Music was playing in 202 East in Brower Student Center last Wednesday night, not for a dance, but something even better. Cuts for Cancer, co-sponsored by Colleges Against Cancer (CAC) and Sigma Pi Fraternity, was in full swing – music, snacks, haircuts and all.
For $1 to enter and $25 for a haircut by a professional stylist, students could donate to the American Cancer Society. Caitlin Coyle, sophomore communication studies major and vice president of CAC, and Daniel Fernandez, sophomore political science major and representative of Sigma Pi fraternity, worked together avidly with help from their student organizations to put this event together.
“The idea was brought up at a meeting as a fundraiser done at a high school. We decided to bring it here and add a college twist,” Coyle said. Coyle has been participating in events that spread cancer awareness since before she came to the College.
Sigma Pi volunteered its time and DJ equipment. “Even though it was outside of our national philanthropy, it was something all the brothers were behind. It touched a lot of the brothers’ lives,” Fernandez said.
JoAnna Wilson, freshman elementary education and psychology major, who also helped organize this event, has been elected as the new advocacy chair for CAC. She is also involved in similar organizations like the Make a Wish Alumni Committee, and participates frequently in cancer awareness events such as Relay for Life. As a cancer survivor, Wilson volunteered to speak at Cuts for Cancer, sharing her experience and receiving a haircut herself.
Students were not the only ones who donated their time to spread cancer awareness. Great Cuts, located both in Nassau Park and in Hamilton Marketplace, provided the professional haircuts.
Melissa Lomiguen, sophomore nursing major and survivor chair of CAC, contacted Caryn Hoffman, manager at the Nassau Park salon. After talking to the salon owner, Hoffman and two other hair stylists volunteered their time and skills.
“Nick and Denise Schiera, the owners of the salons, jump at the chance of giving back,” Hoffman said. Great Cuts also participates in Locks of Love at its salons, in which stylists provide haircuts free of charge for those who donate 10 inches or more of hair.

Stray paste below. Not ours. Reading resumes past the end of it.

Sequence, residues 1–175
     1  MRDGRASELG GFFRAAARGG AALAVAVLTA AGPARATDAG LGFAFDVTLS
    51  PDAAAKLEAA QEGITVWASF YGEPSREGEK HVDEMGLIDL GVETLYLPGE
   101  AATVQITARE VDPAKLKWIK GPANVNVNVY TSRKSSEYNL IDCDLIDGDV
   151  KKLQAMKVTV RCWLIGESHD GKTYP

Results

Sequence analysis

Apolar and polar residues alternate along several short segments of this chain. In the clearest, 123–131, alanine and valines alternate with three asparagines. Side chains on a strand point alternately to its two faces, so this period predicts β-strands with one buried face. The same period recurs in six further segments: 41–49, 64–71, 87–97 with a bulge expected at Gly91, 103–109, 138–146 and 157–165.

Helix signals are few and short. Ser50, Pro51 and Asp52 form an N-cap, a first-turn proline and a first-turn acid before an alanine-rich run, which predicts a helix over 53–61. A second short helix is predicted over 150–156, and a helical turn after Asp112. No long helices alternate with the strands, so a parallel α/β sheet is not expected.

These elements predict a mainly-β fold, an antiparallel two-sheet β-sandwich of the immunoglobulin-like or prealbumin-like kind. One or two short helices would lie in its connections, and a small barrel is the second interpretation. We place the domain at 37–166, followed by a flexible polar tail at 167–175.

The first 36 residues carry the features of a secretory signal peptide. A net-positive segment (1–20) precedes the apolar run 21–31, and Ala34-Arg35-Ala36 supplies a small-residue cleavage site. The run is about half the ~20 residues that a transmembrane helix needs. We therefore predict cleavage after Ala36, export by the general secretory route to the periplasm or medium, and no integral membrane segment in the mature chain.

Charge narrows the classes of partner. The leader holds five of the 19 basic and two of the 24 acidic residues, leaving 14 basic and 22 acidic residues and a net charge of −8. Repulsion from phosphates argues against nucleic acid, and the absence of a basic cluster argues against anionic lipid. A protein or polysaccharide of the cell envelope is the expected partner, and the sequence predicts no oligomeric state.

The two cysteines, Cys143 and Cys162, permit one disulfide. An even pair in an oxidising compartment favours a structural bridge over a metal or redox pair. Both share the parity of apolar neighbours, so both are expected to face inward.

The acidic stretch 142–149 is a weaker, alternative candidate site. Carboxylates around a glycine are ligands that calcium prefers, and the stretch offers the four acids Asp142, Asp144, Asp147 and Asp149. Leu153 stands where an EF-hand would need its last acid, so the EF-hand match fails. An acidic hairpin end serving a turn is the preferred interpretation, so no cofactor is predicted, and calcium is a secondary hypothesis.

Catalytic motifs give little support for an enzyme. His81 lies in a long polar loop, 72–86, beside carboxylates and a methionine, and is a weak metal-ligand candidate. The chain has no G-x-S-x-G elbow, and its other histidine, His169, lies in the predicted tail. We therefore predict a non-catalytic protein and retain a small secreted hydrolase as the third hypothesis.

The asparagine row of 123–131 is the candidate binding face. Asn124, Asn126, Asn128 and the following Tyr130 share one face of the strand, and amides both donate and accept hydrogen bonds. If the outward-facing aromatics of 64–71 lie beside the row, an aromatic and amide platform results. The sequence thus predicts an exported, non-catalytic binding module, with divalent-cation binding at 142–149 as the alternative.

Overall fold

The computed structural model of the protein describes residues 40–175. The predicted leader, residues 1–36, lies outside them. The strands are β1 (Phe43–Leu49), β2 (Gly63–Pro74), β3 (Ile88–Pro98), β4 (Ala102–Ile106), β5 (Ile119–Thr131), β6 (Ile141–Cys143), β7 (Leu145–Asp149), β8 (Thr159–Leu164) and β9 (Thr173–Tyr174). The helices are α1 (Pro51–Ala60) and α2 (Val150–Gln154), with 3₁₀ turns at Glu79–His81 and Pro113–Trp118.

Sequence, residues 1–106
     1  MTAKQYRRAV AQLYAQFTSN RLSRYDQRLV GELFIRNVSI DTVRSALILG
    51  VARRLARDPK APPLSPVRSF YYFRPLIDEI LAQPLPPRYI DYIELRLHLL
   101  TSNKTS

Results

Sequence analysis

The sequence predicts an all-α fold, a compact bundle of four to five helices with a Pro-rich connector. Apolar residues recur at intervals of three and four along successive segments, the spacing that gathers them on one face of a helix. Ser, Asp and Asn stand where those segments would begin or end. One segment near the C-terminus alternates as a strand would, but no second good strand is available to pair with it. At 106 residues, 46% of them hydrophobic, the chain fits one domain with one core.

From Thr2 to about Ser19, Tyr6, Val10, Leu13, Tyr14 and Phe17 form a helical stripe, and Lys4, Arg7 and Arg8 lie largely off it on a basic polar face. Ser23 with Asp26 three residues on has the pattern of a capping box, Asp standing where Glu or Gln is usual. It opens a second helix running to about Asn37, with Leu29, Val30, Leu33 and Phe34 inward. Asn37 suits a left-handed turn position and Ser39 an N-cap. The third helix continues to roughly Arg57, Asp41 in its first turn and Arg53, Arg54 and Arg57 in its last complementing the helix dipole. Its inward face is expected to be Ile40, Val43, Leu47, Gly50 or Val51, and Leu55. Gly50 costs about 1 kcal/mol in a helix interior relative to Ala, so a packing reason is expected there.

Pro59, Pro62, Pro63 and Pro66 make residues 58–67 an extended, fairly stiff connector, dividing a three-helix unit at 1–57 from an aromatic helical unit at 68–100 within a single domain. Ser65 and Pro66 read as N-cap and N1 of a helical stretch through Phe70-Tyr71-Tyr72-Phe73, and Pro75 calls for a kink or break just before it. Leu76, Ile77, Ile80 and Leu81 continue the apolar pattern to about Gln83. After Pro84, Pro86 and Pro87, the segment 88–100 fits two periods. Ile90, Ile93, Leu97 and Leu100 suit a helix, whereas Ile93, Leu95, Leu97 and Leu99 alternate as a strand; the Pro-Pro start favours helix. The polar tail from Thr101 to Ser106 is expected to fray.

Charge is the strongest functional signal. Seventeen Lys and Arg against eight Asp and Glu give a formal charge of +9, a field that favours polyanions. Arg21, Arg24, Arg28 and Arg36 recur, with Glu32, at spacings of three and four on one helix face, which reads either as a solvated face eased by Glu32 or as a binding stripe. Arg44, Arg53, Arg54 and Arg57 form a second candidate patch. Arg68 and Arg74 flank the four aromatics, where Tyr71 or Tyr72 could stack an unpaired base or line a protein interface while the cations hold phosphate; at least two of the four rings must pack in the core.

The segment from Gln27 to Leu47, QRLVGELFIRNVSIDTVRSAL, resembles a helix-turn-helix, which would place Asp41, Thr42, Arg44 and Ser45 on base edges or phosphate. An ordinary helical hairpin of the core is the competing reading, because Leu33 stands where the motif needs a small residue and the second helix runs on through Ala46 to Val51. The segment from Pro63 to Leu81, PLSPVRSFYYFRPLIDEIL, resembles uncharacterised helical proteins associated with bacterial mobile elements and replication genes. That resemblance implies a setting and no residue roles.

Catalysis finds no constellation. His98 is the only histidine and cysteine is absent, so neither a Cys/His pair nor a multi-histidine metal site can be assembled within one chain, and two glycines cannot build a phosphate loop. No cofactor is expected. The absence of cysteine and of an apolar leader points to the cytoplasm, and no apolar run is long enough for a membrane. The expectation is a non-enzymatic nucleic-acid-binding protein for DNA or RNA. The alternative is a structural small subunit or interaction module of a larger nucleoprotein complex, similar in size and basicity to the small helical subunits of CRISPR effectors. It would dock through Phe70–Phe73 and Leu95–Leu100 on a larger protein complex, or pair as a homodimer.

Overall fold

Maddy Dempsey, who has been a hairstylist at Great Cuts for five years, shared her reaction to the event while taking a break from cutting hair.
“We’ve never done something like this before, and I think it’s great,” she said.
Reactions like this were common. Many people at the event were pleased with the crowd of supporters. With only an hour left, there were still students waiting in chairs to receive haircuts.
Among the food, music and haircuts, a table was set up promoting the American Cancer Society’s Relay for Life and encouraging students to sign up on a team or create their own. Relay for Life will be held in the Student Recreation Center on April 11 from 6 p.m. to 6 a.m.
With the number of supporters who attended the event and the immense optimism shown by everyone involved, Cuts for Cancer was a success.
“(The event) went really well. I’m happy with the turnout,” Fernandez said. “Sigma Pi did a lot for publicity, putting banners up and spreading the event through Facebook and e-mail.”
The success of the event was apparent to Shannon Heger, senior health and exercise science major and president of CAC.
“It’s going really great,” she said during the event. “Twenty-three people have already received haircuts and there are a lot of people going in and out.”
The organizations ended the night making $965 in donations to the American Cancer Society, and instilling a sense of awareness and optimism in the hearts of students at the College.
CAC holds its weekly meetings Wednesday at 8:30 p.m. in Social Sciences Building room 321. Certain weeks will be set aside for Relay for Life-specific information. The group can be e-mailed at firstname.lastname@example.org. The event will be an influential way to unite students in the fight against cancer.